USDA Issues Health Alert for Foster Farms Chicken

No chicken has been recalled

The U.S. Department of Agriculture on Monday issued a public health alert for raw chicken packaged at three Foster Farms facilities in California as an estimated 278 people have fallen ill in the past six months.

Strains of Salmonella Heidelberg are associated with chicken distributed to retail outlets in California, Oregon and Washington state, the USDA said in a statement.

The Salmonella outbreak has spread to 17 states, though most of the reported illnesses have been in California.

In Los Angeles County, there have been 18 confirmed cases of Salmonella linked to the chicken, health officials said. There have been 15 confirmed cases in Orange County, according to that county's health agency.

The outbreak appears to have begun in March and the USDA was notified of the illnesses in July, said Dan Engeljohn of the USDA's Food Safety and Inspection Service. Investigators had a difficult time pinpointing the source of the illnesses, Englejohn said.

A spokesman for Foster Farms says no recall is in effect and that the infections were caused by eating undercooked or improperly handled chicken.

Health officials Tuesday reminded the public that illness from eating undercooked chicken is completely preventable.

"When you buy raw chicken it's important to cook it well," said Dr. Matt Zahn, with the Orange County Health Care Agency. "Wash your hands when you're handling it and important that the chicken juices are not coming in contact with the food that you're not going to cook."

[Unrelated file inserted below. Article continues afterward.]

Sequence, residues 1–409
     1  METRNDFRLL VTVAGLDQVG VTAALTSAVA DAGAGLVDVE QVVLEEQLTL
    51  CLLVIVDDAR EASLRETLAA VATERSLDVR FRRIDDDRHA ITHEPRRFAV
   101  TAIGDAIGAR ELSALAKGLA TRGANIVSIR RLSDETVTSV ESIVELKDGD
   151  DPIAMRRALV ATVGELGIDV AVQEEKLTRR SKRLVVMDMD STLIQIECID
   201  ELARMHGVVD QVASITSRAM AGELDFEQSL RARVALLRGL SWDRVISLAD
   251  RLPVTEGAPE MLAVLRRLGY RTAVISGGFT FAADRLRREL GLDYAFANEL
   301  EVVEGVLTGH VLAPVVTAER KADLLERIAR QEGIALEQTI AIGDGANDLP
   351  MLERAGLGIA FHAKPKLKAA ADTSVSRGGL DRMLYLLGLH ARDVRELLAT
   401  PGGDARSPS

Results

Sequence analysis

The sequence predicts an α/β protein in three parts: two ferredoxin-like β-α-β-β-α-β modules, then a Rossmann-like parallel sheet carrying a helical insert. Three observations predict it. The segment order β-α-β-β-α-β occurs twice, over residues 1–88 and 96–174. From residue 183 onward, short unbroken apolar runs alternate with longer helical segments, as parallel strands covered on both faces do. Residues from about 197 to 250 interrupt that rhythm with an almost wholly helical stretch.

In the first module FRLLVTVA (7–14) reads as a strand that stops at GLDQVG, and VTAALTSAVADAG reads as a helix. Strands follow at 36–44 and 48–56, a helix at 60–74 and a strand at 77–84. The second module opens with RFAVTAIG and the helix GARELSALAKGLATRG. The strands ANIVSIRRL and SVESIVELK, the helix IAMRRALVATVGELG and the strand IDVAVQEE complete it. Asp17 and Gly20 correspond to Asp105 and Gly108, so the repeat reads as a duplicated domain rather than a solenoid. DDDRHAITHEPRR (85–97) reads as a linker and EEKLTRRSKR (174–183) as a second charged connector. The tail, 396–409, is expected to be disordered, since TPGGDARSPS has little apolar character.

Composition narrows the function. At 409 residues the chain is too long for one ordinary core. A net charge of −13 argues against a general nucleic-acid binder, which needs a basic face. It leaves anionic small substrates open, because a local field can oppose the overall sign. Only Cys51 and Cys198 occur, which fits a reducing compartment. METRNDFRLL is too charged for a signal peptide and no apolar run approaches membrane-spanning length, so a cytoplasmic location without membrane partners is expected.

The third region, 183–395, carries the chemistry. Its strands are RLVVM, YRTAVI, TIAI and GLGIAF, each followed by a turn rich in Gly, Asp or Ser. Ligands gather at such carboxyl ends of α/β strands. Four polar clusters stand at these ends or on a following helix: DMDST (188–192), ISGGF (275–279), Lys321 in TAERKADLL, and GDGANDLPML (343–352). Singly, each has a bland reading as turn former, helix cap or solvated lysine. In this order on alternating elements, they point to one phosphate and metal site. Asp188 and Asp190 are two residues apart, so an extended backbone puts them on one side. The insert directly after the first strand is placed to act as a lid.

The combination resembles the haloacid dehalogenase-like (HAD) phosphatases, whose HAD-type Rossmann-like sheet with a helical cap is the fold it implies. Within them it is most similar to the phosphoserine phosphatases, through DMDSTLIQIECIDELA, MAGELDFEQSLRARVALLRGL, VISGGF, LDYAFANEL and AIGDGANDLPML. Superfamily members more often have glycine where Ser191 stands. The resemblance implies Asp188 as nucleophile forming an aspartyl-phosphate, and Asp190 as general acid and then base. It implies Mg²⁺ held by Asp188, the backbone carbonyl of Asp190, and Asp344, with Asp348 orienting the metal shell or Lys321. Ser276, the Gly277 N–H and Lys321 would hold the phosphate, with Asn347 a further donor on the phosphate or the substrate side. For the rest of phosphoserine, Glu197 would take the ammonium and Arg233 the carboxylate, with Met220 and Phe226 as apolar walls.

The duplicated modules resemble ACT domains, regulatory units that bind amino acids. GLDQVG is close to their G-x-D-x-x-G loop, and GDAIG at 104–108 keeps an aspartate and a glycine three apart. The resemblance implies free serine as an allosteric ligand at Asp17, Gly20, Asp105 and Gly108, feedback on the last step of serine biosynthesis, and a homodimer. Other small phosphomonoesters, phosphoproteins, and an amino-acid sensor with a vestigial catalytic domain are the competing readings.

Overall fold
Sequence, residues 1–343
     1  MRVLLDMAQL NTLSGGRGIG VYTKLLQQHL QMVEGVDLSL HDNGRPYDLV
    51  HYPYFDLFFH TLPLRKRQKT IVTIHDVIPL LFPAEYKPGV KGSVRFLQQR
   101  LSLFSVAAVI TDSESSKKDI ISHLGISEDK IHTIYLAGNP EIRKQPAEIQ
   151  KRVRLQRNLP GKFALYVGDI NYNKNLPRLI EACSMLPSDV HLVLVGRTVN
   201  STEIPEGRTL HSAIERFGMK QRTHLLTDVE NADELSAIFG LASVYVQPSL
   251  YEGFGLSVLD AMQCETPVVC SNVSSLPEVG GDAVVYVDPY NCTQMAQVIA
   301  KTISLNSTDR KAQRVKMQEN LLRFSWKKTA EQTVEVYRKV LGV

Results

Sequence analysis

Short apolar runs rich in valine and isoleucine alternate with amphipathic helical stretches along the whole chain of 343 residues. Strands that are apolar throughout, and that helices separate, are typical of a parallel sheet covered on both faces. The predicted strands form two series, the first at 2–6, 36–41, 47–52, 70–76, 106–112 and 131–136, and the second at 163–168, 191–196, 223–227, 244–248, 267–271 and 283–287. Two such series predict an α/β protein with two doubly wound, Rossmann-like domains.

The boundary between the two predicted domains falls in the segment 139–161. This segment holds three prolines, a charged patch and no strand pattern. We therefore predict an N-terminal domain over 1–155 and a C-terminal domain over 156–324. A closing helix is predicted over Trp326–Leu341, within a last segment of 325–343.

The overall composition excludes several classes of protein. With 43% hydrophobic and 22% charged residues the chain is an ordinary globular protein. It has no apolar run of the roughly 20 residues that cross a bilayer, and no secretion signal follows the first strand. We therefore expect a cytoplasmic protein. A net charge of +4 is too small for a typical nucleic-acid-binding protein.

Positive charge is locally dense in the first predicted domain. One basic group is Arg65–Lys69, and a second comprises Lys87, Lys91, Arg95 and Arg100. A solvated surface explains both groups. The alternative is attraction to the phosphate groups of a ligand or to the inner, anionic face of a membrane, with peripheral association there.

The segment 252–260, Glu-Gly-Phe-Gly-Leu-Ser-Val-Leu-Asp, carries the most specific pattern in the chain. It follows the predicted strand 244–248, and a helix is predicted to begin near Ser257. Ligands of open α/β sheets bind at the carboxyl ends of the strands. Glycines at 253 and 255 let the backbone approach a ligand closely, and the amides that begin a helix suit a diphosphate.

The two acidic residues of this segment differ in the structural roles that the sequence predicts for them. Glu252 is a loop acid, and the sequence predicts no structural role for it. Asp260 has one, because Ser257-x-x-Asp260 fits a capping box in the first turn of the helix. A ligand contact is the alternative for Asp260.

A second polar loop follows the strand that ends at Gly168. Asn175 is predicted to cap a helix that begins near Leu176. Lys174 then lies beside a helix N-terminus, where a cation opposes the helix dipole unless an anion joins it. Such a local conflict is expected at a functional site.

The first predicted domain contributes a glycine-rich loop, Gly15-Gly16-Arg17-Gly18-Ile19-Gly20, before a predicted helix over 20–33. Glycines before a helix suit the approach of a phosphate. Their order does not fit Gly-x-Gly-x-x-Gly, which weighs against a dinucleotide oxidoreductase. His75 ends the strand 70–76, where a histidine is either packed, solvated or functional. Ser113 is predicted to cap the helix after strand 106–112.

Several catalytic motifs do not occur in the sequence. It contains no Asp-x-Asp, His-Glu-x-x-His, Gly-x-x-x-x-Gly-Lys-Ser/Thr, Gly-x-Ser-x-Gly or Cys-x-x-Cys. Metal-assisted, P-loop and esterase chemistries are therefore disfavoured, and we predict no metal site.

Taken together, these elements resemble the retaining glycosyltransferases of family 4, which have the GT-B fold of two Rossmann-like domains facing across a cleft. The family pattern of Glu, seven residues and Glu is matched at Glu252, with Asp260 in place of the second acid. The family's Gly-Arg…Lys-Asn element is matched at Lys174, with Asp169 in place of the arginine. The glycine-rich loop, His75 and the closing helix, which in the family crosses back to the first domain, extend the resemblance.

"All raw chicken runs that risk of having salmonella," he added.

The USDA has not directly linked the outbreak of illnesses to a specific product or production period. The USDA mark on suspect packages would read: P6137, P6137A and P7632.

NBC4 found products with the above mentioned serial numbers (pictured at right) at several supermarkets in Orange County Tuesday afternoon.

State health officials were not planning a recall, but said it is essential that chicken be cooked to 165 degrees.

"This is the important public health issue," Anita Gore, spokeswoman for the California Department of Public Health. "Chicken can carry bacteria, and chicken needs to be fully cooked."

Gore also said people need to thoroughly wash their hands after handling raw meat, and anyone who believes they were infected and is showing symptoms like diarrhea and abdominal cramps should contact doctors immediately.

Salmonella is a pathogen that contaminates meat during slaughter and processing, and is especially common in undercooked chicken.

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